EU should prepare for more migrant crises: border chief

·3-min read

The European Union should be prepared for more migrant crises like the ones on the Greece-Turkey and Poland-Belarus borders, the head of the EU's border agency told AFP in an interview.

Frontex chief Fabrice Leggeri also said the agency was working with Polish authorities to organise repatriations of up to 1,700 migrants to Iraq by charter flights in the coming weeks.

"This is not the first time that the EU has been faced with attempts at -- call it blackmail, call it geopolitical blackmail, call it a hybrid threat," Leggeri said.

He compared the current situation to the days of clashes seen in February 2020 when Greece tried to block tens of thousands of migrants who were deliberately let through by Turkey.

"It should open the eyes of people who have not understood that migration flows can be manipulated for political ends against the European Union to obtain something," he said.

"We have to prepare ourselves for situations like this which can arise quite quickly," he said, speaking at Frontex's headquarters in a Warsaw skyscraper.

- Charter flights planned -

Created in 2004, Frontex has become the first EU agency to build up a standing, uniformed force. It aims to have 10,000 border guards by 2027, up from the current 2,200 officers.

While it is not directly involved on the Poland-Belarus border, it has around 100 border guards and 40 vehicles stationed on the Lithuania-Belarus border.

Leggeri said Frontex was also working with Polish authorities and the EU to obtain necessary permission from Iraq to set up a series of charter flight for repatriations.

"We will have potentially 1,500 or 1,700 people to repatriate in the coming weeks," he said.

A few thousand migrants are believed to be currently at the border between Poland and Belarus, including a group of around 1,800 near the Bruzgi-Kuznica border crossing.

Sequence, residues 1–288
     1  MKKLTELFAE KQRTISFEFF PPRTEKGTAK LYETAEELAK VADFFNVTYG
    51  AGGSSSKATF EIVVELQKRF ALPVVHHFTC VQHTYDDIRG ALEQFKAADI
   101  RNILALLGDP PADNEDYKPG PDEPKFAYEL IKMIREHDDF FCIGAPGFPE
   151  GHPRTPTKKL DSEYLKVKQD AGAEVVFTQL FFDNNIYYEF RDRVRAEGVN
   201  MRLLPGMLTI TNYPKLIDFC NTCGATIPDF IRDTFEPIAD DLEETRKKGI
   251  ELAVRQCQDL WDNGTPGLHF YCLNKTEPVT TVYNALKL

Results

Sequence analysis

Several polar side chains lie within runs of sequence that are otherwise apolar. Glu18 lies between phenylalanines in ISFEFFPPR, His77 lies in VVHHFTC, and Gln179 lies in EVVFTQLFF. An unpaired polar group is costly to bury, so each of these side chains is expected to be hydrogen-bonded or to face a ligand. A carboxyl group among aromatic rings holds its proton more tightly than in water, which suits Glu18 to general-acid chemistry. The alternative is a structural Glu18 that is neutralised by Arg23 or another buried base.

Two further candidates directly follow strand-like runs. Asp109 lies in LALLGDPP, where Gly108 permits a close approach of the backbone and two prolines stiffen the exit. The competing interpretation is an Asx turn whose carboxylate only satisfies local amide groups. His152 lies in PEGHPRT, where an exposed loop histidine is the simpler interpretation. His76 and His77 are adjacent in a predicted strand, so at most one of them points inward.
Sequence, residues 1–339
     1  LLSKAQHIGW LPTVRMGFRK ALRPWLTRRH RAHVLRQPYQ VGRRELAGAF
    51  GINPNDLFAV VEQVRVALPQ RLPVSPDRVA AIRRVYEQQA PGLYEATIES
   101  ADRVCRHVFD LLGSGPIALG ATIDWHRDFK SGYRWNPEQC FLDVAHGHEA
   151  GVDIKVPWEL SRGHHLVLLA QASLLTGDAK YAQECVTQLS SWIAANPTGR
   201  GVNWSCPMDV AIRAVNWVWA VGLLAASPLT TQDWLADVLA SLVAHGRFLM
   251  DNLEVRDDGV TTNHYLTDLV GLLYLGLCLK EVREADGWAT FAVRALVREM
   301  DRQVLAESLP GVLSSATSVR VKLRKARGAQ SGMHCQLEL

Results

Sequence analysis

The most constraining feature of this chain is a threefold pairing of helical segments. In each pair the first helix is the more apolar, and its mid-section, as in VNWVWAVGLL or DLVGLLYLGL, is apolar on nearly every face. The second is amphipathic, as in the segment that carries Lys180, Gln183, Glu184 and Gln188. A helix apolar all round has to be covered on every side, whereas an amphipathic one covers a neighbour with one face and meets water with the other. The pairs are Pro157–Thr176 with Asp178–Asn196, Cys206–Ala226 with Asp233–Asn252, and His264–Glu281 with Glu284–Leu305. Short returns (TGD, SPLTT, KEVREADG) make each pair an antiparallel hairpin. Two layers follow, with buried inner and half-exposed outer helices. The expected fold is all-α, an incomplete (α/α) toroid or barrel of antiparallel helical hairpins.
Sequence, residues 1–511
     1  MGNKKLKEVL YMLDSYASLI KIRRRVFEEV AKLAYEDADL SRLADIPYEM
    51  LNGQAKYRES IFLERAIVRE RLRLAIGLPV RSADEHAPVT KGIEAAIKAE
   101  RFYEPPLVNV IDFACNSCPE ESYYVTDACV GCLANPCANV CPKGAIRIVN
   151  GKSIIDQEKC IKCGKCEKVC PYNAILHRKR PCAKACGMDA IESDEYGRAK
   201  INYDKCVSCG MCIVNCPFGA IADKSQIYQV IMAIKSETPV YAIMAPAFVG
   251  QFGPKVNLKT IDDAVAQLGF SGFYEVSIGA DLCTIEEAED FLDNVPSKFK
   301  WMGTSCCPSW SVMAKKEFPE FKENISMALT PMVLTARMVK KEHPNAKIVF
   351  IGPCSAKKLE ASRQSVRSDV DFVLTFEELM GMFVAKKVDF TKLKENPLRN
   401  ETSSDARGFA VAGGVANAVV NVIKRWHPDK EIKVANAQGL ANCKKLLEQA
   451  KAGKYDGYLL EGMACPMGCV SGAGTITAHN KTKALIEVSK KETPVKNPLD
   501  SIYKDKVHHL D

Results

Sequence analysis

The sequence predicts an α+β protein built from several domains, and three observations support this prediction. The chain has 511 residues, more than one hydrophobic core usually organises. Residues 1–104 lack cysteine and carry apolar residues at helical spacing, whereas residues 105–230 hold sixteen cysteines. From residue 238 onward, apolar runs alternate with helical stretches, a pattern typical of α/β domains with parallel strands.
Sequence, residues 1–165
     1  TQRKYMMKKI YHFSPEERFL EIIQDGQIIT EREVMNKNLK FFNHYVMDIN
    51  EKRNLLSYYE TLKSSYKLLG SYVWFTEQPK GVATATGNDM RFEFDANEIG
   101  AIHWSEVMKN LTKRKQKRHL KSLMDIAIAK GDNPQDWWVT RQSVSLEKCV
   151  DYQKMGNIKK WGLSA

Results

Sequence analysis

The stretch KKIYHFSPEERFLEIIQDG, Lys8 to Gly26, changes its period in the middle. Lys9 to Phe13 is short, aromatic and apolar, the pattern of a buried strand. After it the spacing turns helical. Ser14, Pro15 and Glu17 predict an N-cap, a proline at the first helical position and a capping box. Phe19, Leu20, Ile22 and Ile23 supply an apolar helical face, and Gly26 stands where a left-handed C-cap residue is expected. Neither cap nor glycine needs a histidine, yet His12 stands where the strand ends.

The EU accuses Belarus of deliberately bringing the migrants to the border as a way of putting pressure on the EU.

Belarus denies this and says Poland should let them in.

Leggeri said there were 25,000 Polish soldiers and border guards deployed in the area, as well as thousands more police.

Poland has also said it will begin building a permanent barrier on the border next month -- a plan that Leggeri said would help the work of border guards because it would reduce the number of irregular crossings and therefore of controversial returns.

"At least when there is a barrier we are not accused of pushbacks because we know where the border is and people physically cannot create a situation that is legally ambiguous for us," he said.

"A very annoying part of the job for border guards is when there are legal ambiguities," Leggeri said.

Poland has been heavily criticised by non-governmental organisations for its policy of pushbacks, which have left many migrants stranded between the two countries often for weeks on end in dire conditions and freezing temperatures.

Frontex has itself been accused by non-governmental organisations of failing to intervene in illegal pushbacks of migrants on the Greece-Turkey maritime border.

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